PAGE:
Columbus residents hear from council candidates

Published 10:45 pm Monday, October 16, 2017

COLUMBUS – Last week, about 20 residents heard from Columbus council candidates on issues impacting the November election.


Candidates participated in a forum, sponsored by the Columbus Merchant’s Association and moderated by Ken Busch, at Columbus Town Hall on Oct. 12.

Sign up for our daily email newsletter

Get the latest news sent to your inbox


Busch began the forum by speaking of the importance of voting. There are about 1,100 Columbus residents and in the last election only 70 people voted, Busch said.


“Who we elect going forward is what is going to drive us for the next two to four years,” Busch said.


After giving all six council candidates the opportunity to introduce themselves, questions ranged from why do the candidates want to raise their families in Columbus; what can Columbus do to keep young people from going out of town for entertainment; what are the candidates’ best accomplishments to date; how do the candidates see council involved in community events; and how should Columbus prepare for the upcoming World Equestrian Games (WEG).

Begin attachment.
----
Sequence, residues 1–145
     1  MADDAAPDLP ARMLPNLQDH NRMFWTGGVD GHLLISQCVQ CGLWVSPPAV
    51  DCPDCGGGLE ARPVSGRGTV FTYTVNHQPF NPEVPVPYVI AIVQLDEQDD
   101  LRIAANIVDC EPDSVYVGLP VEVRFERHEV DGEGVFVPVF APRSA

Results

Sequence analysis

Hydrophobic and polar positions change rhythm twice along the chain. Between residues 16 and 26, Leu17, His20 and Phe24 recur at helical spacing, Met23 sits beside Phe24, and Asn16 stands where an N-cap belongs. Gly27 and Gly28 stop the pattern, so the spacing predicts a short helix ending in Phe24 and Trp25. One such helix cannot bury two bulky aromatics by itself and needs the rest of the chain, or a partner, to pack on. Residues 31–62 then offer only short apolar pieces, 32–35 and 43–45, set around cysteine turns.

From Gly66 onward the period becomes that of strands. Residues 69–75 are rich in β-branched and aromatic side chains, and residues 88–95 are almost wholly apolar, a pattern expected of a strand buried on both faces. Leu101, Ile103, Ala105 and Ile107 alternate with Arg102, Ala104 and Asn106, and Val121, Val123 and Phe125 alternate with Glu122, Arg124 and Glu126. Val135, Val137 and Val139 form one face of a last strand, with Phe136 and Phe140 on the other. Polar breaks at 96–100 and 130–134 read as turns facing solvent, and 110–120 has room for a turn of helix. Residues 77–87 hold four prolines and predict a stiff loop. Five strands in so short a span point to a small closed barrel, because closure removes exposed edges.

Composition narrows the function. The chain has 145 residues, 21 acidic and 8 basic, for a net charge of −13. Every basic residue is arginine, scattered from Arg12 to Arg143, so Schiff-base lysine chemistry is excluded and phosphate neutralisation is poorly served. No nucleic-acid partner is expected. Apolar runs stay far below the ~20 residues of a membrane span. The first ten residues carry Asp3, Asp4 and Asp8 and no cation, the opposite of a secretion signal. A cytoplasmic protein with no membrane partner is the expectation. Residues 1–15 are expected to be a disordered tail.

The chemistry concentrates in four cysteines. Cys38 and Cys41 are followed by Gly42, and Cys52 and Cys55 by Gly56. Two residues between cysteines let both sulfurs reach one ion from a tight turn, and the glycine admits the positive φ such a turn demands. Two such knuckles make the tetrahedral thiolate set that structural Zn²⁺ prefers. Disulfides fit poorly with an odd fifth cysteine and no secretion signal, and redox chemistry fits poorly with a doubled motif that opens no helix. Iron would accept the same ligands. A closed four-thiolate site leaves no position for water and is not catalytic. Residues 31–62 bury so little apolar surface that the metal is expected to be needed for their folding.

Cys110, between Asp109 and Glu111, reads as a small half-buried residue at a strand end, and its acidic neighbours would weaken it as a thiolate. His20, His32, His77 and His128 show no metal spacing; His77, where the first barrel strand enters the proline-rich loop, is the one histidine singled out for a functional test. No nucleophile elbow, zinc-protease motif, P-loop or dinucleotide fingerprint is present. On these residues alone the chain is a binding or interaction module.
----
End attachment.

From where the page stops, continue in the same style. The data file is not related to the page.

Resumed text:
The Town of Columbus has three council seats available with six candidates. The office of mayor is also up for re-election, with current Columbus Mayor Eric McIntyre running unopposed.


Open council seats include incumbents Richard Hall and Mark Phillips as well as candidates Brent Jackson, Ernie Kan, Marshall “Buddy” Watkins and Robert Williamson. The seat of councilman Josh Denton is also up for re-election, but he chose not to run.


World Equestrian Games

On the WEG question at the Tryon International Equestrian Center (TIEC) in September 2018, all candidates agreed Columbus needs to clean up the town and be prepared for the visitors and traffic that is coming.